Arik, Nigeria’s biggest airline suspends operations

Arik

Passengers stranded, management says disruption temporary

Nigeria’s largest domestic carrier, Arik Air, shut its operations yesterday.The airline, responsible for over 40 per cent of domestic passenger traffic nationwide, blamed the “temporary” disruption on its inability to secure insurance renewal.

The development left many passengers across the country and in West Africa stranded. Also affected are the airline’s long-haul operations to Heathrow Airport in London, and New York in the United States.Arik is the third, after Aero Contractors and FirstNation to “temporarily” ground operations in the last four weeks.

Many hopeful passengers who had turned up at the Lagos airport, as early as 6:15 a.m., yesterday, were perplexed, when for several hours, there were no Arik officials in sight or word on what had been going on.

“I arrived at this terminal minutes before 7:00 a.m., for an 8:00 a.m. flight to Abuja. They told us that there was delay, due to fuel shortage. And we believed them, since that has been the case in the last couple of weeks. I always saw them (Arik) as the most reliable. I was so shocked to hear that all flights have been cancelled at 2:00 p.m. It is very unfortunate,” said Saheed, a passenger at the General Aviation Terminal (GAT) of the Murtala Muhammed Airport, Lagos.

The airline had lately been embroiled in debt. It was learnt that huge bills owed suppliers of aviation fuel were partially responsible for its current predicament.
A source close to the marketers described the airline, responsible for about 120 daily flight operations nationwide, as a bad debtor. He said Arik owed at least N3 billion, a situation, which forced a cutoff of Jet A1 supplies to the company.

Weeks ago, the Nigerian Airspace Management Agency (NAMA) grounded Arik’s Lagos-Abuja operations, to force negotiations on an N8 billion debt payment plan.Last April, also, a coalition of aviation workers grounded operations, protesting a N12.4 billion debt owed regulatory agencies.

The Asset Management Corporation of Nigeria (AMCON) recently disclosed that Arik was one of the airlines the Federal Government had been supporting with a N200 billion intervention fund, given its importance to the economy.

In a statement, spokesperson for the airline, Banji Ola, said Arik had alerted all air travelers to “a temporary disruption” to operations, pending insurance renewal, adding that the management was working round the clock to resolve the matter, as quickly as possible.

“All flights of the airline have been cancelled for Tuesday, September 13, 2016 and the airline has stated that it would be getting in touch with passengers to provide an update on rescheduling of their flights.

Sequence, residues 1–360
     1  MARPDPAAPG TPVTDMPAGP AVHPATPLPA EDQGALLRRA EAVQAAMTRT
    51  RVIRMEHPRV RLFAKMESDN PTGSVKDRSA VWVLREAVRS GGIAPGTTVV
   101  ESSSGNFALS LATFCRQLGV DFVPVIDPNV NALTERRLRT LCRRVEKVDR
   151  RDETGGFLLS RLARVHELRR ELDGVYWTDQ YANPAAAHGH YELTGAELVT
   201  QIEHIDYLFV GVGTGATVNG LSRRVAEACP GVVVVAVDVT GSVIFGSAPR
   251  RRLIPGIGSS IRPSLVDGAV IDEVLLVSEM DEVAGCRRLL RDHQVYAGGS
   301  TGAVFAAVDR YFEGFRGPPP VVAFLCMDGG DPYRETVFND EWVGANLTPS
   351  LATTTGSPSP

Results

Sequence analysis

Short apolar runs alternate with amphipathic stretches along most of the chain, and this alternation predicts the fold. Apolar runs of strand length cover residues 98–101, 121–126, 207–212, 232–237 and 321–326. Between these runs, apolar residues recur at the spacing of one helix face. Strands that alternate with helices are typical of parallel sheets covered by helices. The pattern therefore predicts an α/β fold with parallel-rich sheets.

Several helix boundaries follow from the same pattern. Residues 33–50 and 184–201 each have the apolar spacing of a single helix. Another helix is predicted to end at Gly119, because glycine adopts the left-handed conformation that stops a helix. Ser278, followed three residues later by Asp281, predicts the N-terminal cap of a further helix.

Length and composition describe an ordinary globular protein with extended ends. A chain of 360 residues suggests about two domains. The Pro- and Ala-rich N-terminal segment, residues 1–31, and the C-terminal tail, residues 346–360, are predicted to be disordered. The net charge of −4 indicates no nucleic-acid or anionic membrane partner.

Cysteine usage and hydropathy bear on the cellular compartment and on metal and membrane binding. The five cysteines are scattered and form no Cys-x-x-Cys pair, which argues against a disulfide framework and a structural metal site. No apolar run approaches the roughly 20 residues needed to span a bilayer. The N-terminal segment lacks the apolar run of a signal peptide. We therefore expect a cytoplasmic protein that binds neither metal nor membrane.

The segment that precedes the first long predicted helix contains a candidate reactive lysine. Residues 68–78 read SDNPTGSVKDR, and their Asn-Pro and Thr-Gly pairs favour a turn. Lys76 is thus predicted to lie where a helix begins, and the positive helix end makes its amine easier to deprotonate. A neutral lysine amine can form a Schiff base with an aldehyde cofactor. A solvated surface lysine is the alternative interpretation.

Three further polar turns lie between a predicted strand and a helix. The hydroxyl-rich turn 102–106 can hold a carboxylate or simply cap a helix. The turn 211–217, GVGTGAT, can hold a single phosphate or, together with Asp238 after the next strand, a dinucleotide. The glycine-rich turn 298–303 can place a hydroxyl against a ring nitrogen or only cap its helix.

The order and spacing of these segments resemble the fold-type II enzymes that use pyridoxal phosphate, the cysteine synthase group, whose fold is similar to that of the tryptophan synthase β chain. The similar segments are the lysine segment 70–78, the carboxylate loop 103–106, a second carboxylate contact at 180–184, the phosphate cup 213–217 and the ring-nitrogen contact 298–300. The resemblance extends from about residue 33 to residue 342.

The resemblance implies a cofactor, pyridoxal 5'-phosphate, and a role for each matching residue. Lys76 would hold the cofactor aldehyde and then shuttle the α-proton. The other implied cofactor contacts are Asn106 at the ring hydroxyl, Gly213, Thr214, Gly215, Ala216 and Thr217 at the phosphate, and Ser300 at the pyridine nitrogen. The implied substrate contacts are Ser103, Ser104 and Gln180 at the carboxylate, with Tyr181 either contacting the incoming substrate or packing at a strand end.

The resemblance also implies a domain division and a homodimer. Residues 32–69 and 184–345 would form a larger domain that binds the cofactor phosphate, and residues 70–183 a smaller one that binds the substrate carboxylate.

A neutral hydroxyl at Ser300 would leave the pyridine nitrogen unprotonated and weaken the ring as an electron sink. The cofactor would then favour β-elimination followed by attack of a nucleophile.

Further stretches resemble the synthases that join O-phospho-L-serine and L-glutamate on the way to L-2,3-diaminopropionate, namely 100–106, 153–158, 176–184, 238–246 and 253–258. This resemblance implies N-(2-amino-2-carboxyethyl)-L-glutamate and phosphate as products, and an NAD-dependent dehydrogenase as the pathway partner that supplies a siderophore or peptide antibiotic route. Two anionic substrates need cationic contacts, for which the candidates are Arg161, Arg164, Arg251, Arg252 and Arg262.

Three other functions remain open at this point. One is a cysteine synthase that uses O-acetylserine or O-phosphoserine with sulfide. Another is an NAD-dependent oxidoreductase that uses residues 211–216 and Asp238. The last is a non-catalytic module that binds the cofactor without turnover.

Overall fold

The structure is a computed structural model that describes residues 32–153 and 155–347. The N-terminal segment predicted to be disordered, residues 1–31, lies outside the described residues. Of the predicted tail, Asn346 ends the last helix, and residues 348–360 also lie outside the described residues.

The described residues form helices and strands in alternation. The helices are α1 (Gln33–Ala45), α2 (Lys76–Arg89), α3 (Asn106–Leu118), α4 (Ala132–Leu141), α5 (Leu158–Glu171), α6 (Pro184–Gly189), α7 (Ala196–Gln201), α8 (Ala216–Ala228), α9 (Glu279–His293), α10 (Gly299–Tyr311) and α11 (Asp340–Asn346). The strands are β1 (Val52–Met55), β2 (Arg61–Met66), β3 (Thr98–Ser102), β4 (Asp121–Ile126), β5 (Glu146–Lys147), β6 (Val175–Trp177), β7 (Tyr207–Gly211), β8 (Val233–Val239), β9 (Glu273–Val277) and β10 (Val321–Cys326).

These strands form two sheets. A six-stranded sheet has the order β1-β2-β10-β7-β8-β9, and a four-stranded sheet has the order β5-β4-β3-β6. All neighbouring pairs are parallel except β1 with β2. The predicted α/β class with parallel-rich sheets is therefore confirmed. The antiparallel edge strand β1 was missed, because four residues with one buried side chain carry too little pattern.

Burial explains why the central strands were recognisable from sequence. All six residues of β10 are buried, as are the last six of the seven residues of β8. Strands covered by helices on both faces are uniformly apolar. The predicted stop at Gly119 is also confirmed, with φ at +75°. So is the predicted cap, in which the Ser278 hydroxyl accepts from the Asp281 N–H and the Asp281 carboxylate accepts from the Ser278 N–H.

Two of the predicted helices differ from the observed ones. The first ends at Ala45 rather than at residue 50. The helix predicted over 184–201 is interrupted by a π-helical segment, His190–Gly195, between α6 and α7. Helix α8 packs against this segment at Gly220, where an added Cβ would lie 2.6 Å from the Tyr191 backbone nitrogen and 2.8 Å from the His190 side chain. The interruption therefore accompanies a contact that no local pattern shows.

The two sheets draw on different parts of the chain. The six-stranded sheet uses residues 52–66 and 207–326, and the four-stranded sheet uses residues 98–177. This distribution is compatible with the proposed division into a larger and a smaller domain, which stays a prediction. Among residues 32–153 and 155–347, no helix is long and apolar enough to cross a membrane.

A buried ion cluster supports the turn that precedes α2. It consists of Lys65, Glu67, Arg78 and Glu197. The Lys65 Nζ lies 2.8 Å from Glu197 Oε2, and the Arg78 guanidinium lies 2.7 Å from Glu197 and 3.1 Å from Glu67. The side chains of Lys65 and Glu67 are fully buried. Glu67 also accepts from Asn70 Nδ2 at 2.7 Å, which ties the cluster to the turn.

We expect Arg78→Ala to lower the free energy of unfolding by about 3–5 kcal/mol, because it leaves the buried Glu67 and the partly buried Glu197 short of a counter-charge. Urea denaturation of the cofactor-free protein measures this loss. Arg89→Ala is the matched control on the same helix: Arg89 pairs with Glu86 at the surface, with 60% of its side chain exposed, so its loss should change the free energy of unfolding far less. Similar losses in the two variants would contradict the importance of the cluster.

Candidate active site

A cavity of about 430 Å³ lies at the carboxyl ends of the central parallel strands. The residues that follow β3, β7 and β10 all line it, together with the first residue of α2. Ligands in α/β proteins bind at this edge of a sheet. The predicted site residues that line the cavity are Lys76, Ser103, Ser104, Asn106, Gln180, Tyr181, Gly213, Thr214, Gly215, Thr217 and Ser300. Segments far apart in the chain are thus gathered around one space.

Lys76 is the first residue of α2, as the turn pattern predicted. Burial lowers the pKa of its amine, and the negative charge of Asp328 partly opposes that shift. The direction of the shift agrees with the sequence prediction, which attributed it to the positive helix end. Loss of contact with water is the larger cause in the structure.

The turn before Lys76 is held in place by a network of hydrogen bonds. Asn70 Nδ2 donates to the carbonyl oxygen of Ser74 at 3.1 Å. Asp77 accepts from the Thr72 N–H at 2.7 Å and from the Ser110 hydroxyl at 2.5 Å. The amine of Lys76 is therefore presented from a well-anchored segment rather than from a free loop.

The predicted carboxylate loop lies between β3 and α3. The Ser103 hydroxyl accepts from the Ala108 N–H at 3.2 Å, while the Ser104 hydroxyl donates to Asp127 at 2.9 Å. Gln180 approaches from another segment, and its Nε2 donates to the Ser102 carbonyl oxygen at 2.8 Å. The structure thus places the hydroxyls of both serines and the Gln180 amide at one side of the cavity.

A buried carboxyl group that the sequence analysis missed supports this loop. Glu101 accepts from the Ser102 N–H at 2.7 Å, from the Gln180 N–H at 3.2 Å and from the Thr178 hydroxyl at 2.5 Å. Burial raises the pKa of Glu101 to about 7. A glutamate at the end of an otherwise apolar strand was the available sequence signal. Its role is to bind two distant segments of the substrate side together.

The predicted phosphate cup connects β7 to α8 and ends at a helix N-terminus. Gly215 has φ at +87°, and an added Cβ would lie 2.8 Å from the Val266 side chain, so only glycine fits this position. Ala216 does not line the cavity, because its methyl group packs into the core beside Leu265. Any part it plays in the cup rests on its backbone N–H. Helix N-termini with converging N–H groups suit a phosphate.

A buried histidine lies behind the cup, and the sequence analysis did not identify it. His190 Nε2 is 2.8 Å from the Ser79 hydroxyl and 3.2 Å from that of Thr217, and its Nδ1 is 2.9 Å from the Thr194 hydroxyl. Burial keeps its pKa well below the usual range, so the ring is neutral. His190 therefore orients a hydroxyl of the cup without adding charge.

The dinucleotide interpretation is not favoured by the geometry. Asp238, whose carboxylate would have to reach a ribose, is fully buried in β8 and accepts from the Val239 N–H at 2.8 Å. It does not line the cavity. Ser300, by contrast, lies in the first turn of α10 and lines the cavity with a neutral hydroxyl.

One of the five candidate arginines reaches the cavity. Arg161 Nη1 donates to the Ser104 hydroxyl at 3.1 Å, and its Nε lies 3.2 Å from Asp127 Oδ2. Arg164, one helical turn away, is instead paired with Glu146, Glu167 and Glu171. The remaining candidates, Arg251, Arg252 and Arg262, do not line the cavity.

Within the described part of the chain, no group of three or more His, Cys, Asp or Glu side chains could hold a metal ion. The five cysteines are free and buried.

“This situation is likely to continue for the next few days until such time that the National Insurance Commission (NAICOM) approves a waiver on a priority basis for the new insurance company to renew the policy,” reads the statement.

Arik added that the long Sallah holiday had delayed the renewal process.Its Group CEO, Michael Arumemi-Ikhide, assured members of the public, customers, stakeholders and partners, saying the company would resume normal operations. He appealed for understanding.

“Where flights have been cancelled, the airline will notify passengers through SMS. And in such cases, passengers will be accommodated on first available alternative flight, as soon as normal flight operations resume,” he said.

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AMCONArik Air


5 Comments
  • Kelly

    Very unfortunate, what a blatant arrogance from Arik Air, I think somebody need to sue these animals and drag them through their nose.

    • Jerry Hall

      I m sure you have never run a business in nigeria. Try start one then you will understand. Hope someone calls you an animal in the process

  • Olukayode Odulaja

    Well said @Jerry Hall! Some people just talk without thinking. Everything has been going pear-shaped in all sectors of the Nigerian economy since 2015. I pray and hope we wake up from our slumber before it gets out of hand completely.

  • ORNGU Titus

    Arik Management should be rounded up and tried for economic fraud. Their business model is dependent on not paying for services. They owe staff salaries, fuel suppliers, regulatory agencies and now, insurers. Why would you have to caught up by public holidays in renewing insurance? Surely, they didn’t want to pay for that, too. Arik Air is a disaster waiting to happen!

  • pmagroup

    A country with no rules and regulations, that is what you will always here.

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